The last panel we saw was about dystopia and horror. There was events after that, but unfortunately Sam and I had to leave to get home to my cousin!

After each panel I went and bought at least one book by a featured panellist, and then was lucky enough to be able to get them all signed! I had a nice conversation with Holly Bourne, and a long conversation with Alexia, who was asking everyone what they thought. I was lucky to have budgeted to be able to spend quite a bit on books.

For an inaugaral event it was really great. The signing and book buying area could have been bigger, and it would have been good to have a break-out space, but it was excellent none the less.

On the way in we got a tote bag with a programme, some stickers, and some freebies inside:


And here's what I bought!


Murder Most Unladylike by Robin Stevens - Review

Wednesday, November 11, 2015

I read the third one in this series first and reviewed it here.

Where did I get it? The library!

What's it about? Daisy Wells and Hazel Wong have a Detective Society and in this mystery get tangled up in the murder of Miss Bell, after Hazel sees her dead body in the school gym. They have a list of suspects and need alibis - but can they get past Matron long enough to do their deducing?!

What age range is it for? 10+

Are any main characters LGBTQ+? No

Are any main characters non-white? Yes, Hazel is Chinese. There's not as much about that in this book as there is in the 3rd one, though. 

Are any main characters disabled either mentally or physically? No

Is there any sex stuff? No

Are drugs mentioned or used? No 

Is there any talk of death? Yes but it's not very gruesome. 

Are there swear words? No 

Would I recommend the book? Definitely. This series is a lot of fun. If I was ten years old, and into Malory Towers and other Blyton books, I'd be ALL OVER this series. Yes these aren't 'issue' books, but they're well written and just delightful to read. 

How many stars? 8 out of 10. Solidly good. 

George by Alex Gino - Review

Saturday, November 7, 2015

Where did I get it? I bought it with an Amazon gift voucher - thanks BFF!

What's it about? Everyone thinks George is a boy, but she knows she's not. She tries to tell people, and she wants to audition to play Charlotte in Charlotte's Web, but her teacher won't let her because she's "not a girl". George and her best friend Kelly come up with a scheme. George also comes out to Kelly, and I think the way Kelly reacts is absolutely wonderful. 

What age range is it for? 10+

Are any main characters LGBTQ+? Obviously!

Are any main characters non-white? Yes, Kelly is black

Are any main characters disabled either mentally or physically? No

Is there any sex stuff? No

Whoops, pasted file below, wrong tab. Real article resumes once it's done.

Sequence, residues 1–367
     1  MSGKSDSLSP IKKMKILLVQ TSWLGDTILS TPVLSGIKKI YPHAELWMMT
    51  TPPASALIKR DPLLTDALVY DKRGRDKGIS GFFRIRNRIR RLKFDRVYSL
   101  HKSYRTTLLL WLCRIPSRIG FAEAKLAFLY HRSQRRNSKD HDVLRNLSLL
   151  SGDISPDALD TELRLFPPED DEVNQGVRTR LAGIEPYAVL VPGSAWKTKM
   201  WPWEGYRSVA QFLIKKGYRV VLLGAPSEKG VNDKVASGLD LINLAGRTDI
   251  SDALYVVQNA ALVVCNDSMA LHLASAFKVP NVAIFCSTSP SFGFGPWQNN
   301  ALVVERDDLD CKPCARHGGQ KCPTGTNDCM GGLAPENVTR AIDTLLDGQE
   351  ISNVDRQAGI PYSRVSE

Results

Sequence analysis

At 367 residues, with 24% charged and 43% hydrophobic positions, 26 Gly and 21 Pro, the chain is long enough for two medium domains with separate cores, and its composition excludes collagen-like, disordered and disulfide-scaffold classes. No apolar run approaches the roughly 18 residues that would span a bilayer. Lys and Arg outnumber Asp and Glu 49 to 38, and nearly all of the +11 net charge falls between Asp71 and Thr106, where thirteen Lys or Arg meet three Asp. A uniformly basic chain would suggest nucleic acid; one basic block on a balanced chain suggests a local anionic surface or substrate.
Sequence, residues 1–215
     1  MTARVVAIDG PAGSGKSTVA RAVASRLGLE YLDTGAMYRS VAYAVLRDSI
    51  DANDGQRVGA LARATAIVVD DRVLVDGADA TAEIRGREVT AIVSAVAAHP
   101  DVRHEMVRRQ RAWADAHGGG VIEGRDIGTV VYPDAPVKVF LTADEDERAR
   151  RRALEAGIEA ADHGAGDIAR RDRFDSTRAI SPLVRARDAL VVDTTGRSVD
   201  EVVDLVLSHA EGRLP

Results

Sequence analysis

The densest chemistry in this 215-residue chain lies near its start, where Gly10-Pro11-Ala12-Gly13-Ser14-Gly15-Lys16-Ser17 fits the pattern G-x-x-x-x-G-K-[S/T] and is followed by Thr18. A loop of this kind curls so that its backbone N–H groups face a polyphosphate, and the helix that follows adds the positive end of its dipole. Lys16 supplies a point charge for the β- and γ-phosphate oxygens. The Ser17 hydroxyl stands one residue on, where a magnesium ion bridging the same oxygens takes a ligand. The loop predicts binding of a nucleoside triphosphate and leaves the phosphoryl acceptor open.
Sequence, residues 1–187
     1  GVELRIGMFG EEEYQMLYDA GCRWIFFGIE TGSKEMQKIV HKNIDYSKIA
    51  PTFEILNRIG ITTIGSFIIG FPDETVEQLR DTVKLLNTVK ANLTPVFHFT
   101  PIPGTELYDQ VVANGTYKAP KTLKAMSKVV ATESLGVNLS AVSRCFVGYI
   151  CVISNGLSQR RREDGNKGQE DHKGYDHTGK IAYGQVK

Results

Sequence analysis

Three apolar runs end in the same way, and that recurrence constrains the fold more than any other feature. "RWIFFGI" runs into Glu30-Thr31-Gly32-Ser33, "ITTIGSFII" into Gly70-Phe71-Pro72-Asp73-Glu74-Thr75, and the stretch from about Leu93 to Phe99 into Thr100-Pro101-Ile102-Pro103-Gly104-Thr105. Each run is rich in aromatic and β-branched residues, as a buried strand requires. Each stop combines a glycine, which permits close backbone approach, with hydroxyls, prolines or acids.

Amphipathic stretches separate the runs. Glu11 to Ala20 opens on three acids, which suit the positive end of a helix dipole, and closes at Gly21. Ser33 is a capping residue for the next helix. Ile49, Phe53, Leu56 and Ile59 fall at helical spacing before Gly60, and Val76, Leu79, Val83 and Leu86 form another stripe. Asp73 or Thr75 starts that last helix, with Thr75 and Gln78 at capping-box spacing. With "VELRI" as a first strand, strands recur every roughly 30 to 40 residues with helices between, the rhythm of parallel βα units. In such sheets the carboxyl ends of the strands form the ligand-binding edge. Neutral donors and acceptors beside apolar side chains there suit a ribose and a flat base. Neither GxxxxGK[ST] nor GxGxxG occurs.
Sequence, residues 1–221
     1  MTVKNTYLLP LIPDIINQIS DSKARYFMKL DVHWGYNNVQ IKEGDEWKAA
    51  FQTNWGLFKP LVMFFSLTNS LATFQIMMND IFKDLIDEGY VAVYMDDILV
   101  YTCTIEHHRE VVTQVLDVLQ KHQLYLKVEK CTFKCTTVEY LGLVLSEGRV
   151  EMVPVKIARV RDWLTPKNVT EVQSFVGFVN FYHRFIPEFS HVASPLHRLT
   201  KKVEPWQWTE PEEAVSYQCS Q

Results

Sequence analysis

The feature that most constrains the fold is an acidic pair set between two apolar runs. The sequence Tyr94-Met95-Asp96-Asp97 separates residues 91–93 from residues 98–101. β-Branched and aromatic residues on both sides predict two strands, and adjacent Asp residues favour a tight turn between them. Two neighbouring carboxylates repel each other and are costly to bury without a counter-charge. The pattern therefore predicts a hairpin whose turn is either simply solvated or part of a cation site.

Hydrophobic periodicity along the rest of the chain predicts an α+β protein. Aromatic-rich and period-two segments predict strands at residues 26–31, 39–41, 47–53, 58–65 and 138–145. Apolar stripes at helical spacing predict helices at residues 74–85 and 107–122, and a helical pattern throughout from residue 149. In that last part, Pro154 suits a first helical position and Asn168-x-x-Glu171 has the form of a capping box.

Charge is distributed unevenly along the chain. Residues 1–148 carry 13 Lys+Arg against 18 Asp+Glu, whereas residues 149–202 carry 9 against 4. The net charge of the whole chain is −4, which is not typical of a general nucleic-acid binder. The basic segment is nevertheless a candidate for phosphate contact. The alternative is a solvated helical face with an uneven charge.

Are drugs mentioned or used? No 

Is there any talk of death? No

Are there swear words? No

Would I recommend the book? Yes, definitely. It's a very sweet story for middle grade readers, especially for trans kids who need this kind of representation. Anyone could fall for George, though, she's very sweet. 

How many stars? 7 out of 10. 

I recommend reading this interview by the author :) 

This Song Is (Not) For You by Laura Nowlin - Review

Monday, November 2, 2015

Where did I get it? Netgalley, thank you Sourcebooks!

What's it about? Ramona and Sam are best friends, but each of them is in love with the other, they just don't know it. They're in a band together, and they're applying for a prestigious music college for after high school. At the audition they meet Tom, who quickly becomes part of their band. Ramona has feelings for Tom too, so can she be with both boys, or...?

What age range is it for? 15+

Are any main characters LGBTQ+? Yes, but I don't want to spoil exactly how

Are any main characters non-white? It's not mentioned.

Are any main characters disabled either mentally or physically? No

Is there any sex stuff? No

Are drugs mentioned or used? No 

Is there any talk of death? A tiny bit - Ramona's mum died when she was younger 

Are there swear words? Not many 

Would I recommend the book? Kind of. I really WANTED to love this book, and while I did like the inter-personal relationships between Ramona, Sam, and Tom, and how they ultimately resolved it, I felt like the world was really lacking in depth and description. I feel like the whole novel took place in Sam's garage, and there were no physical descriptions of the characters. 

How many stars? 6 out of 10. I didn't hate it, but it could have been so much better 

When I Was Me by Hilary Freeman - Review

Monday, October 26, 2015

Where did I get it? I bought it at YALC I think. 

What's it about? Ella Samson is an ordinary 17 year old girl, she's at 6th form college, she has divorced parents, she has a best friend called Deeta and an on/off boyfriend called Billy. Except she wakes up one morning and everything is different. Her parents are still together, her best friends are called Rachel and Jen, and even her hair and her room are different. Is she ill? In a parallel universe? If she is, can she get home? Can she find her old friends and Billy? And what's with the old woman who says she knows Ella?

What age range is it for? 14+


Are any main characters LGBTQ+? It's not mentioned

Are any main characters non-white? It's not mentioned.

Are any main characters disabled either mentally or physically? No

Is there any sex stuff? Yes, it's not explicit

Are drugs mentioned or used? No 

Is there any talk of death? Yes, somewhat

Are there swear words? Not many 

Would I recommend the book? Yes, it's a pretty decent read.  

How many stars? 8 out of 10, it's well written and I'd pick up another book by Freeman.